Reverend Caitlan Gartland
September 8, 2019 at PCC Chestertown
Before God created anything else, God created human beings. At least that’s what this version of the creation story tells us. A field of rich, abundant soil stretches out as far as the eye can see. From the best soil of the earth, God gently forms a human being and then lovingly breathes life into its body.
After that, God creates the garden of Eden, a place for the human to live and tend to. Everything the human needed could be found in the garden – good food to eat and meaningful work to do.
What I love about each of the creation stories, and especially this one, is the intentionality and love with which God creates human beings. You get the sense that we were created on purpose, with a purpose. We get the impression that we are a priority for God.
Now, within the garden of Eden, the human has both permissions and prohibitions; there are things the human is welcome to do and experience and there are things the human must avoid or refrain from, primarily eating from the tree of the knowledge of good and evil.
People have always wondered why God would even put this tree in the garden if it held such danger and disaster for humankind, which we learn of in the verses that follow this passage. Despite the plethora of explanations for the existence of the tree of the knowledge of good and evil, the reason it is there and its function are not revealed to us.
Together though, these two trees in the garden of Eden, of life and knowledge of good and evil, represent God’s intentions for humankind to exist and to live on God’s terms. Is God, who provides for our every need, asking too much of us? The human has permission to eat anything else, to name the creatures, and to care for all that God has created. The human being has permission to participate with God in the creation of the world, to share in God’s work.
And yet there are prohibitions, limitations on what the human can do within the garden. Walter Brueggemann writes: “The garden is an act of utter graciousness. But the trees disclose the character of that graciousness. There is no cheap grace here.”
God has created humanity and given it a purpose for being and existing. In order for us to honor that purpose, that vocation, which God has called us to, there must be boundaries. This is true for all of life. There are things we can and cannot do within our jobs, meant to ensure that our work is completed properly. Laws exist on highways, with permission to pass in marked areas and limitations on how fast we can drive, intended to keep everyone safe. If we play a sport, we have various rules which dictate what we can and cannot do. And though often unspoken, we have permissions and prohibitions within our relationships, determining how we will relate to one another.
In the garden of Eden and beyond, the human lives on God’s terms when we honor the vocation we have been called to, explore the freedom we’ve been given, and respect the prohibitions put in place (Brueggemann).
We often focus on the prohibitions that are enforced or placed upon us. This happens in the story of Eden, as we focus on that pesky tree of the knowledge of good and evil. This prohibition though, continues to be outweighed by permissions.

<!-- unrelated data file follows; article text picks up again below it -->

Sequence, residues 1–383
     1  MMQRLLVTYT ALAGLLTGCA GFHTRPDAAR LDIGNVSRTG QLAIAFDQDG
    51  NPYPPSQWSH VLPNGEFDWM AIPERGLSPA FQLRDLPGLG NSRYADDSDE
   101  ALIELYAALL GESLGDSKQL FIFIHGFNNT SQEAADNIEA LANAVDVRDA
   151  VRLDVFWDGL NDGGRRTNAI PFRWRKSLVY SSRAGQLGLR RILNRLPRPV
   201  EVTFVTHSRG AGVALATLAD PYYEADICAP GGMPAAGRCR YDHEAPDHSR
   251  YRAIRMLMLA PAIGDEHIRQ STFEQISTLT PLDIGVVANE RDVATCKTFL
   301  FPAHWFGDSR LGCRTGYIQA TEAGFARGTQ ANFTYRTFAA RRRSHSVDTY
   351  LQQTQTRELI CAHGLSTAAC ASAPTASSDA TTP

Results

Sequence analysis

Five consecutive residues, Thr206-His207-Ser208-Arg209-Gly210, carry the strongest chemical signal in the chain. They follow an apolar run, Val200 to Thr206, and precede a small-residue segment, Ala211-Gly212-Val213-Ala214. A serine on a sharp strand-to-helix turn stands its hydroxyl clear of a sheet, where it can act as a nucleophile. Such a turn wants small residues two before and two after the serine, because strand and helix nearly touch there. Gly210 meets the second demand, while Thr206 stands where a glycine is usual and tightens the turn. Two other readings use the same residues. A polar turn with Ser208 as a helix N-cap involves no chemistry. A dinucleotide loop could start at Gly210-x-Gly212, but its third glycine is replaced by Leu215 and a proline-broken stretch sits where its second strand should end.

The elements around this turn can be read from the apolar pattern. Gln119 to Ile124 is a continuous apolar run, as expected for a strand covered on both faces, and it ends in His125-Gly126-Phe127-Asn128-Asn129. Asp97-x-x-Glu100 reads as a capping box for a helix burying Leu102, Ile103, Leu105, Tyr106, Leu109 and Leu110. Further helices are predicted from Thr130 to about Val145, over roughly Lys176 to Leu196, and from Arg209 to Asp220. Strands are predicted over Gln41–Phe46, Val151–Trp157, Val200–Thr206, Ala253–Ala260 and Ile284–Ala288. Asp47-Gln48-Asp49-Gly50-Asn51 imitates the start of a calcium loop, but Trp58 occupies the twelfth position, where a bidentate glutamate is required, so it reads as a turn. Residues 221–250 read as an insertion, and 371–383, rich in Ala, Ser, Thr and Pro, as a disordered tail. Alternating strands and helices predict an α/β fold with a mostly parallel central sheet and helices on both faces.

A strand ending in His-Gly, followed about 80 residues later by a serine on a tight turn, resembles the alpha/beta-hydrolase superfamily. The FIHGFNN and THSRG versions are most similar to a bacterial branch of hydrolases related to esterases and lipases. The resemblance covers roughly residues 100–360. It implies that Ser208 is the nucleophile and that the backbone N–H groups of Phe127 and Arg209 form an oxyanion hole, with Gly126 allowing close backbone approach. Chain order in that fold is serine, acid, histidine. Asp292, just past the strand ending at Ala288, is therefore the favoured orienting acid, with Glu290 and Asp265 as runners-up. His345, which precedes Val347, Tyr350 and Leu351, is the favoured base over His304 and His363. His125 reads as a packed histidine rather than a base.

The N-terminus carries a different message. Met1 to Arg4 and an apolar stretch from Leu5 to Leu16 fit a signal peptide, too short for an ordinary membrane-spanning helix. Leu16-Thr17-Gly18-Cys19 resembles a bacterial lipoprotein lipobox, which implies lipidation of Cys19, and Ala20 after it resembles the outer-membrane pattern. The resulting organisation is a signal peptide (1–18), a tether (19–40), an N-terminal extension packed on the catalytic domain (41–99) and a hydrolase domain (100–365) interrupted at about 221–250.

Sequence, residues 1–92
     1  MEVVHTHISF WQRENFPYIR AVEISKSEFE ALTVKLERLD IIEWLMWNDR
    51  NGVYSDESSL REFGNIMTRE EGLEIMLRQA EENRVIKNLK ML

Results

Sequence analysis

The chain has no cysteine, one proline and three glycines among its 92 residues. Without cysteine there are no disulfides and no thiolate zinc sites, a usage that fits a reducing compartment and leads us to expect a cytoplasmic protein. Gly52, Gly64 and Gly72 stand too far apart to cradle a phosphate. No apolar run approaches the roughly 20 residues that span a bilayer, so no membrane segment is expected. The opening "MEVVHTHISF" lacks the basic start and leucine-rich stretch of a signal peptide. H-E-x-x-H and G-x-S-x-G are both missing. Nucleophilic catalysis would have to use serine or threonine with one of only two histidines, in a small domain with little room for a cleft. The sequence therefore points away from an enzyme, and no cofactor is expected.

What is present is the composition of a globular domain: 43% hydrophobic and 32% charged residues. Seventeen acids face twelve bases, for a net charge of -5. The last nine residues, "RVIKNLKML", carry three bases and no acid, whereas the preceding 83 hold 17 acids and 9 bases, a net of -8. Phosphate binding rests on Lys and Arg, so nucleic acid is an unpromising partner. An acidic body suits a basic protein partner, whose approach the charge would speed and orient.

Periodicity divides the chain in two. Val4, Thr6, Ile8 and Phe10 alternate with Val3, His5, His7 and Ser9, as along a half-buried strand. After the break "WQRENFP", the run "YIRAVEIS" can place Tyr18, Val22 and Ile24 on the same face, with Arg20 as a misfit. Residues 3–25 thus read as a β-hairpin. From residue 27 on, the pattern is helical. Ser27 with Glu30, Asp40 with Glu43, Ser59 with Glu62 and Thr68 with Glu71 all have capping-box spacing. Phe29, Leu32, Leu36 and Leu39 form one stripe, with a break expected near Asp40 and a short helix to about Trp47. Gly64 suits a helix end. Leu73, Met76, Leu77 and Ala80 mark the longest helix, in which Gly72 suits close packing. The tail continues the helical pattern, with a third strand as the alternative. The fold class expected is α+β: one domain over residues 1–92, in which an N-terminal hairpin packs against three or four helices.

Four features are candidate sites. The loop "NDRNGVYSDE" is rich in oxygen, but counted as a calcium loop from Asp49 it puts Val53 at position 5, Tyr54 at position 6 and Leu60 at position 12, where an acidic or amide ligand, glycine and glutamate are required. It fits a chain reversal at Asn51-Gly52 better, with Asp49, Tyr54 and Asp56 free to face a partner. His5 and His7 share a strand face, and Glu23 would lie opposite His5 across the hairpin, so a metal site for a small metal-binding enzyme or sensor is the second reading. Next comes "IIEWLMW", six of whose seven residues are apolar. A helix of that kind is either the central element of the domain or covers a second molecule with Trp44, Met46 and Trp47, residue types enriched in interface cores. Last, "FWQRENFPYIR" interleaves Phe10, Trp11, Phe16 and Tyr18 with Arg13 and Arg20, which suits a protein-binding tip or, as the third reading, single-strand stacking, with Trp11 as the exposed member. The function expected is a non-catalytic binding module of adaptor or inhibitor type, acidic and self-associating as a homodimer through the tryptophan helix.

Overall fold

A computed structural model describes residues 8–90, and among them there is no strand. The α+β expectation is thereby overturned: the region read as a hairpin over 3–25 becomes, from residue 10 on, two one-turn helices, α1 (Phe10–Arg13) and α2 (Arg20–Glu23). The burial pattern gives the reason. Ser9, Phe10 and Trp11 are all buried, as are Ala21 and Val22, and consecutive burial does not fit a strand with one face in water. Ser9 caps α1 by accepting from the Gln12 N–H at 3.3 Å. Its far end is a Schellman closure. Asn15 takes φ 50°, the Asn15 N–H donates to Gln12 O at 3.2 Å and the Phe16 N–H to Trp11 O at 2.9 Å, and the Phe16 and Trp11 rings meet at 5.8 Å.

God wants the human to experience happiness, love, life, and companionship. God imagines creating a “helper that is perfect” for the human. The first attempt is the creation of the animals; though they are wonderful and likely fill some void for the human, they don’t quite fit the need God is seeking after. So, God creates another human, the perfect helper, of equal being and value. Here lies the perfect companion for the human – another human.
As God creates, it becomes clear that humans need other humans. We need permission to experience relationships, love, and mutuality. We experience this most often in our closest relationships. Whether the bond between a father and daughter, the love shared between partners, or the deep trust of a dear friend – we know that part of being human is to be in intimate relationship with one another. This is a gift, a permission, from God. And it is what God desires for us.
I believe that the garden of Eden represents all of God’s intentions for us – to have all that we need, to be in community with God and with one another, and to live on God’s terms.
The garden represents all that we need to flourish, which God provides for us – sustenance, relationship, and calling. Our physical needs are provided for, our emotional and spiritual holes are filled, and our gifts and abilities are utilized for the good of all.
And yet we know that creation has struggled to exist within the garden, that we have taken advantage of the permissions and ignored the prohibitions. We know that these two humans God has created were doing fine until they acted as though creation was theirs alone, as if God’s intentions didn’t matter.
We know what happens next in this story. We know how it has gone awry in our world since then and until today. Yet God has not given up on us. God still creates each and every one of us in love. God continues to provide for our every need. Is it always easy to live on God’s terms? No, not always.
But we do. Or at least, we try to live on God’s terms. We exist as God’s creation, alongside of God’s creation. We have been created to explore the permissions and respect the prohibitions. And we are called to cultivate this garden of love, of community, of solidarity, of trust and of well-being. These are God’s intentions for us, hopes for us, reasons for creating us. May it always be so. Amen.